One speech seven years ago does not a party direction make. And those last two sentences are, frankly, contradictory. You cannot simply be “open-minded” to diversity while acknowledging that lived experience plays a big part in how a politician performs, or the roles they are given. You need to do the work; you need to welcome people in, not just unlock the door and assume they’ll turn the handle.
Queer people are the most politically engaged people I know. Because we have to be, frankly. We live without many of the same rights afforded to everybody else – for example conversion therapy is still legal in this country, and queer men who have had any sexual activity are still not allowed to donate blood – and so we have to be invested in dismantling the systems and laws that prevent us from having them. Equality is a fight for queer people, as it is for many marginalised communities. You’re more likely to know how to swing a sword if you’ve had reason to pick one up in the first place.
— Hon Nikki Kaye (@nikkikaye) February 29, 2020
I’m aware that it’s true that if a queer person wanted to become active in National Party politics, they probably could. The party has previously been home to out gay MPs Chris Finlayson, Paul Foster-Bell and Marilyn Waring (on a technicality, given she was outed in the 70s but only came out officially well after she left parliament).
But let’s face it: National has not been great to the queer community. Right now there are still 15 members on its list who voted against same-sex marriage, one of the most basic landmarks of queer rights. Despite what Todd Muller claims, there is no real “track record” of the National Party being open to diversity when it comes to the queer community. Open to publicity is not the same as being open to diversity. With the exception of the tokenistic, obligatory appearances at Pride events (and the occasional Express cover), this is not a party that has historically valued the queer community. Voting records matter, not hashtags.
Look, there are definitely people in the queer community who vote National; some are literal card-carrying members of the party. It’s a dirty secret that not every queer person is actually invested in progressing the rights of the community. They have other priorities, politically and socially. It’s not pretty but it’s true. There are many in the queer community who agree with National’s policies, or at the very least feel alienated by the policies of the left. They deserve to be represented in their party as well.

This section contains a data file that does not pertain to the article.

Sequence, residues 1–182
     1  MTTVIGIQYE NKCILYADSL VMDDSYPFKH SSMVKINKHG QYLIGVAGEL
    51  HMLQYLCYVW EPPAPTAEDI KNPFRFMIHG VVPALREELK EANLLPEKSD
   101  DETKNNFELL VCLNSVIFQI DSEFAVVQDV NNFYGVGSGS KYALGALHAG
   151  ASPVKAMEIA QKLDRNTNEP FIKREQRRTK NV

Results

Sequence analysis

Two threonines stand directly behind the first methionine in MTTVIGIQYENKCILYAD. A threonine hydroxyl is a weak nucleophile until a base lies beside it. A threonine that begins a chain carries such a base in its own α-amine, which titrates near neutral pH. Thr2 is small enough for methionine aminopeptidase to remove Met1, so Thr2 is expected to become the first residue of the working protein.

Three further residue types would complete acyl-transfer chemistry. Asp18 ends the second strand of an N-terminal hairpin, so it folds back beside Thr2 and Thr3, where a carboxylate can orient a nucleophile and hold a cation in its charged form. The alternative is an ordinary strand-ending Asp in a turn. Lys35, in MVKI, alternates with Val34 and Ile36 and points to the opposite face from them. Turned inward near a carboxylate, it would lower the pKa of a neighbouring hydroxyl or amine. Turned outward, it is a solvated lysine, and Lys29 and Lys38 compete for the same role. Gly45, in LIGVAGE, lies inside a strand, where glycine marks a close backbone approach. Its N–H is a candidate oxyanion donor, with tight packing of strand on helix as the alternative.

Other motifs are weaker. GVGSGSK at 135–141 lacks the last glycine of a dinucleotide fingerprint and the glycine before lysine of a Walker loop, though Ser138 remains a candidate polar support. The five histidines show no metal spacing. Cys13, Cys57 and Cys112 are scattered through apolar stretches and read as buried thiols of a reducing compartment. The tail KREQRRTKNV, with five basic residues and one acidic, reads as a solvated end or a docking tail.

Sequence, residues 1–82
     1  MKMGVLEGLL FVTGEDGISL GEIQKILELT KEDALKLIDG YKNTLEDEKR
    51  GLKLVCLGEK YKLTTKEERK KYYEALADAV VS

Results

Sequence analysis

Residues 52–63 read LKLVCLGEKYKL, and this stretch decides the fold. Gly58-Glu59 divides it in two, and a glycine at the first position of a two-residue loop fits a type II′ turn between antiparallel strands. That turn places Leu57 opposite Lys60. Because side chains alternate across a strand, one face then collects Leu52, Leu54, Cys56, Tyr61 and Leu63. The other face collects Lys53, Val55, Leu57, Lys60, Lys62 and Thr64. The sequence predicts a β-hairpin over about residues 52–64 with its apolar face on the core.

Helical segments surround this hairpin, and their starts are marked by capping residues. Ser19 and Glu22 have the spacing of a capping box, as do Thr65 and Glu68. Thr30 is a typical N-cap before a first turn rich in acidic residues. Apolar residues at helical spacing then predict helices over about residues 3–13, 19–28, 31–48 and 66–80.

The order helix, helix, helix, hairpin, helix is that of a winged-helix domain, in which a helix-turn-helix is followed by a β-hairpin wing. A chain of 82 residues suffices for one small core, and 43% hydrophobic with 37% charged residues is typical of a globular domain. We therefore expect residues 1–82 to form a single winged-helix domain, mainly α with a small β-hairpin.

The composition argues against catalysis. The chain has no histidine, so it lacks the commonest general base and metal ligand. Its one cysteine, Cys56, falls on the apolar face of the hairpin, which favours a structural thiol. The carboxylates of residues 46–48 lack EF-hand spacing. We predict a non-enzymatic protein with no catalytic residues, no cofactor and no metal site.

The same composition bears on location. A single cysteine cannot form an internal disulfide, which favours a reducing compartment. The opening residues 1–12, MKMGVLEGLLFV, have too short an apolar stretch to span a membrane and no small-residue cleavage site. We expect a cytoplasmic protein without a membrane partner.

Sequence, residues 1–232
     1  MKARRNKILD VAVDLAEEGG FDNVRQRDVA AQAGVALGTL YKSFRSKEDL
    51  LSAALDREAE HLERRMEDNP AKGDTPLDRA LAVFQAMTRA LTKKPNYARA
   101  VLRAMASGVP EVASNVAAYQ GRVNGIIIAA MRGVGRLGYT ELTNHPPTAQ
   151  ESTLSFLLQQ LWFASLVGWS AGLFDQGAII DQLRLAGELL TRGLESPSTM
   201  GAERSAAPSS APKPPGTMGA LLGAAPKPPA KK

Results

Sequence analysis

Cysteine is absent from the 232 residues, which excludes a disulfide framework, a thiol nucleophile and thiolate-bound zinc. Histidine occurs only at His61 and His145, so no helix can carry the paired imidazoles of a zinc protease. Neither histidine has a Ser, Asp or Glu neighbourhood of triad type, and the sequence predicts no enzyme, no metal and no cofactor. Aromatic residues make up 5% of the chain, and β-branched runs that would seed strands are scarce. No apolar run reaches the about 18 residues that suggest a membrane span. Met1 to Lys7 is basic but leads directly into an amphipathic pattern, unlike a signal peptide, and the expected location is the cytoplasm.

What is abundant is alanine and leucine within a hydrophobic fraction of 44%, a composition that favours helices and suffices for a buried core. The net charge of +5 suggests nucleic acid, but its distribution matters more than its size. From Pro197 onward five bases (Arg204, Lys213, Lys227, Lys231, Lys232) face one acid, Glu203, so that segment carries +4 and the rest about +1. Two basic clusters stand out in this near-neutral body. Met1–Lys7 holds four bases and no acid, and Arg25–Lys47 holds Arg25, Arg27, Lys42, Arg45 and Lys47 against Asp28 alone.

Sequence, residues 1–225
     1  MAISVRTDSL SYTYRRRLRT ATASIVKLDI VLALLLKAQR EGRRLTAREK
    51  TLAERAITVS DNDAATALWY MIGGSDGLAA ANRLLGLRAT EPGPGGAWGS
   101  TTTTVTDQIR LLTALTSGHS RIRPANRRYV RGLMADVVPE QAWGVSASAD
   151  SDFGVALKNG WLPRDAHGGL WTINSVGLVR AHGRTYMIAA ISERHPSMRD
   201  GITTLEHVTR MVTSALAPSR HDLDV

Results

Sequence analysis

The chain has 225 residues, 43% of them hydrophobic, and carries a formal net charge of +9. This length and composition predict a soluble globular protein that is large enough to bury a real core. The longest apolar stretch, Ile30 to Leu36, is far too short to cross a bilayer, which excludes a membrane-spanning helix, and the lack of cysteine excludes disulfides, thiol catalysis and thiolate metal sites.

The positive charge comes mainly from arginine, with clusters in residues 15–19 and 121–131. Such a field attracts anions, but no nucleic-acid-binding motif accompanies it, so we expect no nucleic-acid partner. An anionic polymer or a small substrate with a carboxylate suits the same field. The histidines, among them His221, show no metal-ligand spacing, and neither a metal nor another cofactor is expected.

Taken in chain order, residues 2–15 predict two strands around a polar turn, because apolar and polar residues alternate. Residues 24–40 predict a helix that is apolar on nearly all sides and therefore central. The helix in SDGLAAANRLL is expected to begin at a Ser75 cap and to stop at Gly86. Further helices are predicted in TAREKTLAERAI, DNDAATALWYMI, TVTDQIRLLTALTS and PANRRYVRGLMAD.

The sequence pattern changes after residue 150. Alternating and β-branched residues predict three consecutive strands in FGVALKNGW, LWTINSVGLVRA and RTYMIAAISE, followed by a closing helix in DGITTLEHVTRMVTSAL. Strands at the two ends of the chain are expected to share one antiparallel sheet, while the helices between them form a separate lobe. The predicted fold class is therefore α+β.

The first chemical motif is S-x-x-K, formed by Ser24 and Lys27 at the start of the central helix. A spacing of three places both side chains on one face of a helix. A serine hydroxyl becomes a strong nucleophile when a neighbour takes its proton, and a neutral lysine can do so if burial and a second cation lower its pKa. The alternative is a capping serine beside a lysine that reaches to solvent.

But no matter how much you agree with a party politically, nobody wants to be the only queer in the village. You might feel special for a moment, but there’s only so long before you become a target. It was only nine years ago that, according to Green MP Kevin Hague, then attorney general Finlayson was called “tinkerbell” by Trevor Mallard and Clayton Cosgrove (proof, should you need it, that the centre-left is hardly perfect in this regard). Even worse, you become an example to point to; you become the party’s technicality. Nobody gets into politics to be a technicality.
It’s a sad fact that if National wanted more queer representatives in its ranks, it would probably have them by now. But that kind of representation has clearly never been something that the party has valued, and it’s very hard to start the inclusivity race a couple decades behind everybody else.
It’s 2020. If your party does not represent the demographics of the country, it does not represent the country. If you’re not practising active, effortful inclusion, then you’re practising exclusion. Having a nice, pre-cooked phrase about being open to diversity doesn’t change that. If you’re failing to accurately represent the queer community, you’re not just failing that community. You’re failing the country.
Muller has said that he’s picked his shadow Cabinet based on merit and talent. I don’t doubt that, in his mind, he selected the best people in the room. But how can you pick the right people for the job if those people aren’t even in the room?
*This article uses the term ‘queer’ as an umbrella word to cover the wider rainbow and LGBTQIA+ community. This is the author’s choice, but he does acknowledge that other members of that community may wish to identify themselves differently.